Architects work in different stylistic genres; however, within these styles are common rules of composition, proportion, integrity in the use of materials that can be assessed. Music appreciation is an appropriate analogy. One enjoys a child's piano recital in a different way than they appreciate a concert pianist. Both are following similar rules of music, but the concern pianist can nuance the rules in ways that win appreciation by the trained ears of their colleagues, to the enjoyment of the larger community. A person might like jazz over classical but will refer to someone knowledgeable in the other genre before spending money on a recording or a concert ticket. A building committee needs to operate in a similar fashion, relying on those in the community who can assess a candidate's design skill. A liturgical space consultant can assist the committee chair with identifying people in the community (e.g., architectural faculty, gallery owners, etc.) who bring the needed level of critical assessment, as well as training the committee in art and architectural appreciation.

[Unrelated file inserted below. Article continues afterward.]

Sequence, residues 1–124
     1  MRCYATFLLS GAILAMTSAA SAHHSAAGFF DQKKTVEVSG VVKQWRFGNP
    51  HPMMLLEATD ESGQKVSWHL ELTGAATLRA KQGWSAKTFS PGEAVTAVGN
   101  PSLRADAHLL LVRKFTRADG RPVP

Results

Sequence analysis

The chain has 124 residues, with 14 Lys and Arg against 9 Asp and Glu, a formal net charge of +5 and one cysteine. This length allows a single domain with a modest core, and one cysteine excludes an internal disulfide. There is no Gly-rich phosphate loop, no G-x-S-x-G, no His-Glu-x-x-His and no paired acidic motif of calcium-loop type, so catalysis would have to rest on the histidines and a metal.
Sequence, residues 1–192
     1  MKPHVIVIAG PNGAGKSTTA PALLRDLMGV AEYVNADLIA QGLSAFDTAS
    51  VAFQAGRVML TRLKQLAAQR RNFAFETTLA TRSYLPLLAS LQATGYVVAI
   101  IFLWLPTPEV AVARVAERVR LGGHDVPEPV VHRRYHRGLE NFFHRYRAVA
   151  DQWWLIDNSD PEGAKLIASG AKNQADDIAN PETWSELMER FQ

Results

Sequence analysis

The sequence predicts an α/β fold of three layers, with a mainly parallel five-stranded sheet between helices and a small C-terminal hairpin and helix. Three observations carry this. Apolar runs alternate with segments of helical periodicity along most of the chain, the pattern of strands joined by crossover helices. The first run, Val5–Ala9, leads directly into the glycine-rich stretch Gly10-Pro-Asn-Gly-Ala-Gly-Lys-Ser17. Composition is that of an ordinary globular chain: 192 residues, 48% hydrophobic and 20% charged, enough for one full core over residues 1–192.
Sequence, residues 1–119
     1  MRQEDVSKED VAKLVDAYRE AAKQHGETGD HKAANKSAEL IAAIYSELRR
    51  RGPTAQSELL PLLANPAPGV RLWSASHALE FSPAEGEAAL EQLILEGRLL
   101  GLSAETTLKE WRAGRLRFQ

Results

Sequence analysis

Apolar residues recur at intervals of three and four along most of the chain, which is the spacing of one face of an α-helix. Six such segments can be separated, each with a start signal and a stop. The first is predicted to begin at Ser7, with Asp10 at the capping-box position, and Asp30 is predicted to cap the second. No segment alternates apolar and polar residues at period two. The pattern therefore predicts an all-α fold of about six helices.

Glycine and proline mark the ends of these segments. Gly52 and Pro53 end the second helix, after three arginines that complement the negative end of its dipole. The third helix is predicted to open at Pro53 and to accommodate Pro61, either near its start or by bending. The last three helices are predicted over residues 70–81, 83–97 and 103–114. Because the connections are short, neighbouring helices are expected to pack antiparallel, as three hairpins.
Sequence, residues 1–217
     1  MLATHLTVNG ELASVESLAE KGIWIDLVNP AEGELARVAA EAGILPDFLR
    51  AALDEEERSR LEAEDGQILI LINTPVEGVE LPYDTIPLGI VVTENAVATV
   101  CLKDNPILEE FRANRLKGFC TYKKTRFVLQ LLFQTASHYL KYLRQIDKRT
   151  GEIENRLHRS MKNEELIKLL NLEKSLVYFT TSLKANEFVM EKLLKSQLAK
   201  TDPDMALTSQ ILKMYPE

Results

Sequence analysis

Once the general level of design competency is evaluated, the committee needs to see how well the candidate can work with nuanced goals and aspirations assigned to a project. It is critical that the committee knows what the parish wants to build. For example, will the church need to attract youth and/or comfort those older? Are there multicultural characteristics to celebrate? The building might need to respond to social or environmental justice issues. Will the facility be used for lectures or sacred music concerts that require different acoustic controls? These issues, along with budget constraints, will surface secondary competencies needed by the candidate. These competencies are best addressed as questions posed to the candidates in the Request for Qualifications ("RFQ").